Temporarily connecting stereo speakers
July 22, 2007 9:56 AM   Subscribe

Stereo speaker cable length AND connection questions...

I've got two sets of speakers hooked up to my Onkyo receiver. I want to (temporarily) put the downstairs speakers (Bose 161) in the window so people sitting outside can listen to music. However, the 161's are already on about 50 feet of cable (standard 16 gauge wire). The questions: 1) Can I add another 15-30 feet without effecting performance? 2) How to splice them together? Just twist and cap them off? (Putting them back is no problem - I'll just cut and reconnect.) Thanks!!
posted by ObscureReferenceMan to Technology (7 answers total)
To splice them together, yeah, you just twist the wires together, add a bit of electrical tape, voila.

Can't really answer about the performance. You could simply try it and see what happens, I suppose...
posted by vernondalhart at 10:01 AM on July 22, 2007

You will lose a bit of range, but likely not enough for the human ear to notice a difference. Generally, you should use a thicker wire for longer permanent runs, but temporarily shouldn't be a problem. I'd splice them the same way as above. Make sure the two strands are well insulated from each other.

More information here on wire length:

posted by Roger Dodger at 10:33 AM on July 22, 2007

Yeesh, clickable link.
posted by Roger Dodger at 10:35 AM on July 22, 2007

Response by poster: Electrical tape vs. caps - is it one or the other? Or, just to be sure, should I splice, cap, and then tape to cover?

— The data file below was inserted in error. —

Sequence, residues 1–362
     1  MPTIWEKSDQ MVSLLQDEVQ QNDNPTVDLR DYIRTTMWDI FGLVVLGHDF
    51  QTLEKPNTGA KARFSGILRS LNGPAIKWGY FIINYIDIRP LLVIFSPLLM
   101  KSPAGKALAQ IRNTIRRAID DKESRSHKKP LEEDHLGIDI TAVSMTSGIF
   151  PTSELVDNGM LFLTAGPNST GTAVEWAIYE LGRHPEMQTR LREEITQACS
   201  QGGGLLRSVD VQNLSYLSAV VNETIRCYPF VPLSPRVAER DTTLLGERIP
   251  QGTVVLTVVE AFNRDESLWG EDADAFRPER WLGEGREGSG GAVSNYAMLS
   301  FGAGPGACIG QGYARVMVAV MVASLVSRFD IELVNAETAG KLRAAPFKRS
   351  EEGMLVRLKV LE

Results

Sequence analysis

A Home Depot guy (!) thought capping should do fine.
posted by ObscureReferenceMan at 10:42 AM on July 22, 2007

An additional 15-30 feet will be a nearly imperceptible loss.

16 gauge wire will add about 0.8 ohm of resistance per 100 feet. Therefore, simplified:

30 / 100 * 0.8 = 0.24 ohm

Home speakers are nearly always an 8-ohm load.

8 - 0.24 = 7.76 ohm

7.76 / 8 = 0.97

Bottom line, your extra 30 feet will add about 3% attenuation or ~ -0.13 dB.

A good twist splice won't change things much, perhaps another 0.05 ohms -- just make sure and maintain the polarity (-,+) and rock on.

On preview - caps are fine, I wouldn't worry about taping for a short term setup unless the wires are exposed beyond the cap, or it is wet.
posted by SpookyFish at 10:51 AM on July 22, 2007

Best answer: If it were me, I'd splice, cap and tape. Honestly, simply stripping the wires and twisting them together would probably work just fine as a temporary solution (alternately, you could just buy 150 feet of lamp cord and use that), but tape and caps seems like a good middle-of-the-road option (and adding the tape is, what, ten seconds of work?)
posted by box at 10:53 AM on July 22, 2007

I find caps are a lot neeter. Electrical tape deteriorates pretty quick.

Whatever you use for insulation (or whatever combination of things), you have to be sure that the +ve and -ve wires can't touch each other, but otherwise it doesn't really matter.

Might be interesting to note that a tiny little bit of touching (like one strand of the stranded conductor) is probably worse than a well connected short. Typically, an amplifier will be designed to detect "hard shorts" and shutdown, it is often "partial shorts" that cause trouble.
posted by Chuckles at 1:39 PM on July 22, 2007

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